By Niobe Rodrigues
Even if you find me buried in the valley
I have not wasted my time, no
He’s working on me
Don’t feel sorry for me
This is just part of the grind for me to grow
GREATER, GREATER, GREATER
Jesus is alive! Yay! Now thing start right? Is energy, is power, is vibes, is action! Is…where the disciples is? In the Upper Room lock up? Doing what? After all that drama with the crucifixion and the empty tomb and what now? That’s it? Time to lock up shop? But so we love to study the disciples. They never know what to do. Right? If I was there I woulda never behave so. Ent?
Well let’s do a little self-test. After 40 days of Lent, Lenten Retreat, plus Holy Week and the octave of Easter, where are we? We may be locked inside of ourselves. We may have left our minds and hearts at Jesus’s empty tomb.
We may have left all that we learnt in the season just past…back there. We may have died to ourselves in the past few months but not allowed ourselves to be resurrected.
The song this Divine Mercy Sunday is from the prolific artistes Nathanael and Guyanese Gospel singer, Samuel Medas. The experience of being in the valley is our Lenten journey.
Every year we go and grow through it so that we can become greater for Christ but is that really happening? Too often at the end of Lent, we may feel like Jesus is exasperated with us saying, “All this time I have been with you and yet you do not know me?”.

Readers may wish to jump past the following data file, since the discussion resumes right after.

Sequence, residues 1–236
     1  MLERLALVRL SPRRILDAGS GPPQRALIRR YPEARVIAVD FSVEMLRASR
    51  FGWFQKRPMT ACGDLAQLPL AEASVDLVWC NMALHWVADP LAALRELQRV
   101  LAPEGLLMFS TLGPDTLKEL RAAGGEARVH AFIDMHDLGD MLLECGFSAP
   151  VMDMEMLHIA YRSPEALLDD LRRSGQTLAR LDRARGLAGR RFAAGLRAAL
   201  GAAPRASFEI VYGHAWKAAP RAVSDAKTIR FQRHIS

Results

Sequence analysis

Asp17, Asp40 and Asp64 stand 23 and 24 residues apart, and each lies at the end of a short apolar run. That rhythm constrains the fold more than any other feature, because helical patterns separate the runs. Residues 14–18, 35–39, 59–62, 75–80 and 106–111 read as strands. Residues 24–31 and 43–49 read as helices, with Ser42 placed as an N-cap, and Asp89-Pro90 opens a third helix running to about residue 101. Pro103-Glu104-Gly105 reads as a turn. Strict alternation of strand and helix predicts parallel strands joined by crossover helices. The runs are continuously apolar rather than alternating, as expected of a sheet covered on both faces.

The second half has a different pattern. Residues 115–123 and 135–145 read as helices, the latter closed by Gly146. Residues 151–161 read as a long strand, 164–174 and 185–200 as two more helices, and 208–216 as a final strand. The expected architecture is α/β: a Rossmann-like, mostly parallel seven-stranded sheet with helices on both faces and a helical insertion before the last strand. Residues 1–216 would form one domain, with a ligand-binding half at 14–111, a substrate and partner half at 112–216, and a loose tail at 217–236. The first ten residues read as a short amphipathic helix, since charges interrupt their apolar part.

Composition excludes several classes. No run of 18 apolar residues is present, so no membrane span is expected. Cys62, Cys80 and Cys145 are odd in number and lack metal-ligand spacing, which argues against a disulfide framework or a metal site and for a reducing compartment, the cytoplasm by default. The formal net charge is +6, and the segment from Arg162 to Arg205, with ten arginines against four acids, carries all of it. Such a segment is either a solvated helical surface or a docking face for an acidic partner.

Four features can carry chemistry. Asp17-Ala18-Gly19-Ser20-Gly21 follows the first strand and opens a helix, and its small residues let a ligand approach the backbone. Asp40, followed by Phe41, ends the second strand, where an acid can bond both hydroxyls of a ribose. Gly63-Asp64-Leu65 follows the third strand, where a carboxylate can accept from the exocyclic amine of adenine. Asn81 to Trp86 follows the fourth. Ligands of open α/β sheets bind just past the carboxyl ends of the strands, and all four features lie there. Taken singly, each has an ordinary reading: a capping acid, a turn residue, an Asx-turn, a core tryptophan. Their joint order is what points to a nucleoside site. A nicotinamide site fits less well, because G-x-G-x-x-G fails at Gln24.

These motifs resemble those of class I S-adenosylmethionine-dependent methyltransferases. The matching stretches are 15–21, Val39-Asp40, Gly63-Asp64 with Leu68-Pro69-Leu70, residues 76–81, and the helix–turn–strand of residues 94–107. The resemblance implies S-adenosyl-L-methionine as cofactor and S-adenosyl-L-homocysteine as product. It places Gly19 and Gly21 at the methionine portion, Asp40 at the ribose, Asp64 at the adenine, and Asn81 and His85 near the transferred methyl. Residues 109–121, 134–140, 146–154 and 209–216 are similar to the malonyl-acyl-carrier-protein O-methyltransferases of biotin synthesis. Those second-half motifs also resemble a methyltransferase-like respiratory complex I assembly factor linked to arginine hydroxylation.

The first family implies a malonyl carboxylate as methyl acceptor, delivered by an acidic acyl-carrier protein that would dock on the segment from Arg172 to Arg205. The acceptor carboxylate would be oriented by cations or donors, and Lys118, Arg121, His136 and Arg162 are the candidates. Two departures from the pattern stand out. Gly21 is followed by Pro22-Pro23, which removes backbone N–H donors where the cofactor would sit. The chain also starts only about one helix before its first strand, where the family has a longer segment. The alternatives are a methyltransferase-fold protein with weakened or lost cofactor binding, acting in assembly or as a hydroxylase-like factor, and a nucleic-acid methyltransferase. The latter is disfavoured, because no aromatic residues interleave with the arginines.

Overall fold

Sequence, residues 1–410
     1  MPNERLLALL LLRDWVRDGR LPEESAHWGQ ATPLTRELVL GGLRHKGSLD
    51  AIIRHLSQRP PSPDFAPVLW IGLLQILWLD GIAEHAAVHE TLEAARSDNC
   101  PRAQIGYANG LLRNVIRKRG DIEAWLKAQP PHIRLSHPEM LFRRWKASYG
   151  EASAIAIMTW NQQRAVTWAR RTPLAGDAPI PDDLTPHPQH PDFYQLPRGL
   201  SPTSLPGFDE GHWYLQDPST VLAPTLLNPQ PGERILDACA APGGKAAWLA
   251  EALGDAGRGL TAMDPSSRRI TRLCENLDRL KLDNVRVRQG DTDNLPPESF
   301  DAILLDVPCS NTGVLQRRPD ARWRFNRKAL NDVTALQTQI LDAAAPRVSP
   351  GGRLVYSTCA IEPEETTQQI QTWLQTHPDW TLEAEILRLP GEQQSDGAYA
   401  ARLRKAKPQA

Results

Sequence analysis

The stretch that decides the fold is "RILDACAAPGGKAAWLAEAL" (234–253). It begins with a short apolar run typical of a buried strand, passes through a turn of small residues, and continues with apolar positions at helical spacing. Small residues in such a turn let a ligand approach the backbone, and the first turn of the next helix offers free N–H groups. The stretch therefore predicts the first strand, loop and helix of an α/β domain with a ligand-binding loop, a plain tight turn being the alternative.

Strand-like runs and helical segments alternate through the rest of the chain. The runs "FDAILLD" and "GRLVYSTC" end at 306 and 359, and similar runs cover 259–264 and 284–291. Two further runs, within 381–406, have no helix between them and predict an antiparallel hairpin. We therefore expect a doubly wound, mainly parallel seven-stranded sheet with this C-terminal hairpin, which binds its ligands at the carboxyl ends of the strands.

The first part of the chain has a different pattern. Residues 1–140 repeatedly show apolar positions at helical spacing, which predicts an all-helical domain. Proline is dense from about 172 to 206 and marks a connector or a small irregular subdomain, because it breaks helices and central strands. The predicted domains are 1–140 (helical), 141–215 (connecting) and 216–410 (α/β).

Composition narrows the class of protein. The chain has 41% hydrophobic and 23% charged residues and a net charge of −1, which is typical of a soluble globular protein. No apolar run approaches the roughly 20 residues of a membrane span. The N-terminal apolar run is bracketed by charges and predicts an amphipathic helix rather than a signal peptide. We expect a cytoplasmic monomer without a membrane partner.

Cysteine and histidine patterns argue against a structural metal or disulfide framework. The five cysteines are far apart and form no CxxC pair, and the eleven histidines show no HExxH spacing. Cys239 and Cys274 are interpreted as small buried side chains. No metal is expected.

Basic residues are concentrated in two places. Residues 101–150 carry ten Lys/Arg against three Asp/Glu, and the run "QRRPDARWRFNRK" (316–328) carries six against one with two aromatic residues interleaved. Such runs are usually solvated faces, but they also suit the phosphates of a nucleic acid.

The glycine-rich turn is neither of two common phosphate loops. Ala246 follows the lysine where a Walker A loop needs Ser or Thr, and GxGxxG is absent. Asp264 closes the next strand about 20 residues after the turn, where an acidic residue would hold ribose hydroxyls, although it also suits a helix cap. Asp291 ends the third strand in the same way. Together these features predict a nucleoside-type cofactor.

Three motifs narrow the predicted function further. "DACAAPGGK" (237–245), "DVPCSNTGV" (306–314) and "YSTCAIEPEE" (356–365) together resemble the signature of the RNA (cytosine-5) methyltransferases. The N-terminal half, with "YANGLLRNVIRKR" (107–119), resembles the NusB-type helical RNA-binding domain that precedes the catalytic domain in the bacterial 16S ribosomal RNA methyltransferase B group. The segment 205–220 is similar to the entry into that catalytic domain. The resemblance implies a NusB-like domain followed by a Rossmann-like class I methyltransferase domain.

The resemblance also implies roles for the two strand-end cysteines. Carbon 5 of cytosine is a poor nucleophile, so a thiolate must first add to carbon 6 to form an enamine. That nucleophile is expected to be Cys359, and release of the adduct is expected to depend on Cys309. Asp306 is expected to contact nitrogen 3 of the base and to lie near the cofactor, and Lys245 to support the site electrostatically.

OK, but what did we learn about ourselves this Lent? At the end, the disciples learnt who was the traitor, who was the denier, who was the sprinter. What did you learn about yourself?
I learnt that I am not merciful. I dearly desire mercy but am ruthless and unforgiving. I am the owner of the vineyard in the Third Week of Lent, the elder brother in the Fourth Week, I am the scribe and the Pharisee ready to stone the adulteress in the Fifth Week and on Palm Sunday, I am the crowd.
Yet, I am also the servant in the vineyard, begging for the tree to be spared. I am the Prodigal Son, and I am the adulteress. I, too, need to receive mercy.
Lent is over, should I not go forward for the rest of the year being more forgiving, more patient, more compassionate, more merciful? What better time to start than Divine Mercy Sunday?
Forty days of sacrifice, repentance and self-denial is a long time. Let’s make sure the time spent was not wasted and will bear good fruit.